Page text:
Jordan, Middle East

JOR01 - Manara International - Support of Refugees: Partnership Reports

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Report Date: February 28, 2023

Report from BHW Middle East Partnership Facilitator Following Visit December 2022

I meet with Isam at his home on 24th December 2022.  Tony Saad (the Egyptian guy I met last time) was also present, and while I was there Isam's wife Nihad also returned home. 

Recent Events

Outreach to Refugees

The main focus of our discussion was the work that has recently resumed, principally with the fresh influence of Iraqi refugees from Basra and the Kurdish region in the north. There are approximately 2,000 refugees but the focus is on helping 350 families through the Alliance church in Jabal Amman and another 150 through another church (I think this one is in Fuheis). The distribution to these families is similar to what BHW participated in some years ago with Syrian refugees in Amman and consists of: blankets, clothes, a hot meal once a month, and help with cooking items (lentils, chickpeas, rice, flour salt). 

They have supplies that have come in stored in several containers, one of them near the Good Bookshop.

The secondary focus is on Yemeni refugees now in the country. Over the past 2-3 years, about 2,000 people have come. They live near the airport. They have no income and are not allowed to work. They are receiving clothes and food and are being linked with some churches. About 60 have become believers and some have been baptized.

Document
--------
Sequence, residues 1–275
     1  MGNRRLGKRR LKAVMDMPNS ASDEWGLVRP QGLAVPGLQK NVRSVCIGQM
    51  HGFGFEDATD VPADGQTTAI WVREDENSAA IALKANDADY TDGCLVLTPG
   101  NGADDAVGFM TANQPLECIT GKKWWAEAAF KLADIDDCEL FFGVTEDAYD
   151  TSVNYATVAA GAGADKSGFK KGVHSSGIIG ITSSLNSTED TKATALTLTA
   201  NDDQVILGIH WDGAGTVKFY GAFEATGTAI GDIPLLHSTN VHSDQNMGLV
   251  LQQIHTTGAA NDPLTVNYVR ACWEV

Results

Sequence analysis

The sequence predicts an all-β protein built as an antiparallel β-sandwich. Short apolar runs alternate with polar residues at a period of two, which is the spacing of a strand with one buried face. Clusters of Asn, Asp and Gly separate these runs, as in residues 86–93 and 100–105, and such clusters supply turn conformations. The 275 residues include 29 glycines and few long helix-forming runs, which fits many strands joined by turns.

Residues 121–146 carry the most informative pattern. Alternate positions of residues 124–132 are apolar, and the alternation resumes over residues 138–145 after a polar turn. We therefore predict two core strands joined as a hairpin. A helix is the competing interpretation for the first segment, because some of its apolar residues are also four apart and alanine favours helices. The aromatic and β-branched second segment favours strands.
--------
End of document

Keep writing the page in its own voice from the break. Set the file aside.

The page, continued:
Sewing Training Courses (JOR01a)

The Centre at Fuheis, which I visited in 2018, was closed in 2019 because of Covid. Included in what we saw there was the Sewing & Embroidery training. Nihad continues to work with some Syrian women who were trained back then. They work from home and produce things which Nihad sells to give them some income.


Plans for the Future

The plan is to add corned beef, canned food, pasta, tomato paste, oil, milk for children, sugar, tea, and beans to the food items distributed to the Iraqi refugees.

They are also working on ways to hold classes to teach English and computing to the Yemeni refugees.



Several years ago, Manara’s focus shifted away from work with refugees and no further funding from BHW was needed. With the new initiatives by Manara in regard to the influx of Iraqi refugees, I believe they would be worthy of fresh consideration for financial support. 

The outreach to Yemeni refugees seems fruitful in terms of very poor people with limited resources for living here being helped practically and touched by the Good News. 

Lord willing, I intend to return here in 6 months or so and will be interested to see a bit more first-hand what is happening in these two points of focus for Manara, and us.